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ence satisfactorily explains the various effects which wealth has had upon these different nations, and throws a brilliant light upon its true nature.
The ancients and the people of the middle age knew and practised but one way to grow rich, and to increase and keep their riches: they placed their hope. and confidence in the right of the strongest, to which they made their institutions, their laws, their manners, and their customs, subservient. Their only object was to render their population numerous, brave, skilled in arms, and always ready to sacrifice themselves for the
purpose of subduing other nations and seizing their wealth.
But, by a singular fatality, it happened that, in proportion as these nations improved in military science, as their arms were successful and their wealth augmented by victories, their domination lost its stability, they became less able to defend themselves, their grandeur shortly declined, and they were soon subdued.
Both moralists and publicists have observed this phenomenon, and have thence inferred that wealth caused the fall of the great empires of antiquity: and it must be confessed, that their opinion appears indeed an immediate consequence of the most certain and best authenticated facts.
But have they not gone too far, when they magnified this consequence into a principle, and pronounced the wealth and safety of nations, and the opulence and preservation of empires, to be absolutely incompatible ? Had they inquired without prejudice into the causes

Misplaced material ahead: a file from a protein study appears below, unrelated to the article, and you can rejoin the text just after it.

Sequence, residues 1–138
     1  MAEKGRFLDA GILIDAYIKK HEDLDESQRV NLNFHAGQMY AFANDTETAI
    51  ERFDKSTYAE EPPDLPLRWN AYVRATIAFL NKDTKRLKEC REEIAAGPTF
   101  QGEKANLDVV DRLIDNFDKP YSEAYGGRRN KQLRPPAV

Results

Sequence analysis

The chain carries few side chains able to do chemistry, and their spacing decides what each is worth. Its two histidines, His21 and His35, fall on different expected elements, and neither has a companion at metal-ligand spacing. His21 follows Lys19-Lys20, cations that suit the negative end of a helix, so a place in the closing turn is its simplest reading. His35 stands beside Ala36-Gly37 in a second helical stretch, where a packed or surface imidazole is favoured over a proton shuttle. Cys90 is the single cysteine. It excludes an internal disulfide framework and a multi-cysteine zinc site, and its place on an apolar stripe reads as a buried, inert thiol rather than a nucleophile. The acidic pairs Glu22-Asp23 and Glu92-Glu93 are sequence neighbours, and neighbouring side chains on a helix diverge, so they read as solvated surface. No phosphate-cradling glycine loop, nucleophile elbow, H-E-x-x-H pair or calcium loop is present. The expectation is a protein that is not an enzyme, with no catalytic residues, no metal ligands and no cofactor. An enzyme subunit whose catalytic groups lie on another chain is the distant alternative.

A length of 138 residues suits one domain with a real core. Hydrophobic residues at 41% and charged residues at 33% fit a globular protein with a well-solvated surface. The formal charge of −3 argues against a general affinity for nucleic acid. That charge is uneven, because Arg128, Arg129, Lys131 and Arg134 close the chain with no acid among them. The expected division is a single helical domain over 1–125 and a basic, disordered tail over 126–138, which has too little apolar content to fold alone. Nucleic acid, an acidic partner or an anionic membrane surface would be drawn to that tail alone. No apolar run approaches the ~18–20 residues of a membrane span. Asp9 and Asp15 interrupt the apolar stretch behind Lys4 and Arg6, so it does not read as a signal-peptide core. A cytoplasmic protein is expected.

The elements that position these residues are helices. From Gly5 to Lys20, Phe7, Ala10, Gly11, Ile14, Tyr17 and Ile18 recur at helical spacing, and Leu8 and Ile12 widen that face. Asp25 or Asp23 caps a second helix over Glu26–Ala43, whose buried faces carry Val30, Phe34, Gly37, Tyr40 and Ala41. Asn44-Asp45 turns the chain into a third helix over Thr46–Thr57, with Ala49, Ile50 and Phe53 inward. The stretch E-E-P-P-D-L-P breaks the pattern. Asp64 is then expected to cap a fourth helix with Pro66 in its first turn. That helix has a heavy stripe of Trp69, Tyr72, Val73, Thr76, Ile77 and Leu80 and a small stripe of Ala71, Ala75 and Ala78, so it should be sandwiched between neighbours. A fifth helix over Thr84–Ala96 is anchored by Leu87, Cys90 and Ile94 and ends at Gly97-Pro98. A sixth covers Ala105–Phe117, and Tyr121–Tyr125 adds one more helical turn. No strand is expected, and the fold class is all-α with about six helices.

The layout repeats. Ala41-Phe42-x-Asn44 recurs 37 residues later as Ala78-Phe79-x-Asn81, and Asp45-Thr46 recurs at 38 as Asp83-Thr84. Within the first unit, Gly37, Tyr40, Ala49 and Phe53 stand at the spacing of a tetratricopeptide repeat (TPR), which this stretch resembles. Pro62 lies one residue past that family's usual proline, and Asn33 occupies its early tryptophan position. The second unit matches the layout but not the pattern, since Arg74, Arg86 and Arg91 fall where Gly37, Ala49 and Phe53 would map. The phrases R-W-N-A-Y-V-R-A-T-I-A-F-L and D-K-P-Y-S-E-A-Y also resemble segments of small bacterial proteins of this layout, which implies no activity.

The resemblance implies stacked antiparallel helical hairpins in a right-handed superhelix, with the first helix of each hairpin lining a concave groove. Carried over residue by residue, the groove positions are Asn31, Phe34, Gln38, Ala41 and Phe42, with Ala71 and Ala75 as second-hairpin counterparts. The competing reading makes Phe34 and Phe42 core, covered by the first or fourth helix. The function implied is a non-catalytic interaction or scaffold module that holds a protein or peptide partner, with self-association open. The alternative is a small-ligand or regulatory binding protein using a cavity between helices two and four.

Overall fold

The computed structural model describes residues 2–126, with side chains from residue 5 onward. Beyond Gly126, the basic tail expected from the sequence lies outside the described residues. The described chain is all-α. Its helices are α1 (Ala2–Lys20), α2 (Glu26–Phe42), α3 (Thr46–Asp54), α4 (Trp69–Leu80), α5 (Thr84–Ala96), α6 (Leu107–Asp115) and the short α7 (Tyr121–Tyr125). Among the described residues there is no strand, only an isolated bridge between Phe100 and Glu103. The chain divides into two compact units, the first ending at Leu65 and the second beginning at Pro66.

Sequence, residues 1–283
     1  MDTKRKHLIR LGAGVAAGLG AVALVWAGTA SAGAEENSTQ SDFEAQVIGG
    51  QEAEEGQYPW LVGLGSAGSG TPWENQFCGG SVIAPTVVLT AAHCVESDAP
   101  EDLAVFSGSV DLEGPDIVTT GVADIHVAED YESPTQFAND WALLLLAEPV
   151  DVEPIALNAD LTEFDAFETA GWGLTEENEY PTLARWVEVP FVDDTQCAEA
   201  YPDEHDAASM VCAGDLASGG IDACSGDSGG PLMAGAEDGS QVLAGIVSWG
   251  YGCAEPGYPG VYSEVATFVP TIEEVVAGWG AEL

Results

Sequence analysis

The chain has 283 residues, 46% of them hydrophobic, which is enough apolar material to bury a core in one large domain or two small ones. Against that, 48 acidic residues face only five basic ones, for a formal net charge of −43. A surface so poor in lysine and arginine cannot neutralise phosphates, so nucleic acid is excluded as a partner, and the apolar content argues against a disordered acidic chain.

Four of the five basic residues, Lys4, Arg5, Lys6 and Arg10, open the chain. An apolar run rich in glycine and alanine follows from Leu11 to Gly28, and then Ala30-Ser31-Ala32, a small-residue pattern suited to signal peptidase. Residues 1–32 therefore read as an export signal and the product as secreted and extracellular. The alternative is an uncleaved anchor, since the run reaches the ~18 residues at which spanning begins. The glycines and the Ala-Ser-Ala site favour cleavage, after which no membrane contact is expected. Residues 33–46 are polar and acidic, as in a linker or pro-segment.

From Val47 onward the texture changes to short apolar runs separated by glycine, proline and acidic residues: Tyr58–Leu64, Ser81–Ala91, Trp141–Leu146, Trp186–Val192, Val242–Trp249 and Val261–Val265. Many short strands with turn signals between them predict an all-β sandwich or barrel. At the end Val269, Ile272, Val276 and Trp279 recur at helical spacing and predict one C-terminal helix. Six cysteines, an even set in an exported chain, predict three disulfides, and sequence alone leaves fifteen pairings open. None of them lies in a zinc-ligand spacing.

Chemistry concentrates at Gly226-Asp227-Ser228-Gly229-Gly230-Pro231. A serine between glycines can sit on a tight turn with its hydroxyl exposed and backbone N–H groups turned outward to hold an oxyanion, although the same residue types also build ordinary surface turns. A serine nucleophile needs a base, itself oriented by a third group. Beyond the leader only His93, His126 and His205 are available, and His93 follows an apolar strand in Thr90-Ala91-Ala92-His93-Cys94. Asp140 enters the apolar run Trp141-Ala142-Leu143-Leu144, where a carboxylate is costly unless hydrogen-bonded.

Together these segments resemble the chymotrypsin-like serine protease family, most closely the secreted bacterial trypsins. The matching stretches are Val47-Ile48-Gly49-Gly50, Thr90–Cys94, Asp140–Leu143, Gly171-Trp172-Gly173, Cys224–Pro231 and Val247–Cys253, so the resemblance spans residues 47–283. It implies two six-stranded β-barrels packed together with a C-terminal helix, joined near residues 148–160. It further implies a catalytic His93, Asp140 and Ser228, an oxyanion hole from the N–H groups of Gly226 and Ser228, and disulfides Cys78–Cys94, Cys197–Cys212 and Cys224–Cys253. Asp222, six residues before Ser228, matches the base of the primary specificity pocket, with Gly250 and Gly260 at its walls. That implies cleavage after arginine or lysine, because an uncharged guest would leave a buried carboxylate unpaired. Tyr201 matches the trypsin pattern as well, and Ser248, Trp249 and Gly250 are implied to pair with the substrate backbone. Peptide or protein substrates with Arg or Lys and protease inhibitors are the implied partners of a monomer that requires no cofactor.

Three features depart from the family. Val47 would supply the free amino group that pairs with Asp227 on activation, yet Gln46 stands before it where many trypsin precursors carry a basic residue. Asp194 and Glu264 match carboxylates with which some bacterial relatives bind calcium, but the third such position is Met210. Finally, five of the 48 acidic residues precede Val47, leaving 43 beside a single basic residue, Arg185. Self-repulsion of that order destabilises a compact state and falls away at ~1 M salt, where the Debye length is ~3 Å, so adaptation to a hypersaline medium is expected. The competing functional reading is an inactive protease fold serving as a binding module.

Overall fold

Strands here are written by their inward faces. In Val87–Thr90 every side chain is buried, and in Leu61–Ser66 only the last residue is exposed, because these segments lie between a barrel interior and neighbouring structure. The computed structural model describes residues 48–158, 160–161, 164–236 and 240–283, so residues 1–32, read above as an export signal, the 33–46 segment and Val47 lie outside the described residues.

which rendered riches fatal to the Persians, to the Greeks, to the Carthaginians, to the Romans, and to the nations of the middle age, they would have perceived that these causes did not arise from a vice particularly inherent in wealth, but from the system of violence by which these nations acquired their riches; from the nature of their military government, which concentrated wealth in the least numerous class, and, as it enslaved or impoverished the other classes, rendered wealth equally fatal to the rich and to the poor, to individuals and to the state.
Among the Persians, the Greeks, and the Romans, the people were divided into two classes. One, composed of slaves, formed three-fourths, two-thirds, or at least half of the population. The other, composed of freemen, formed the state, the nation, the country.
Although all the individuals of this class had an equal right to the benefits of the social compact, they yet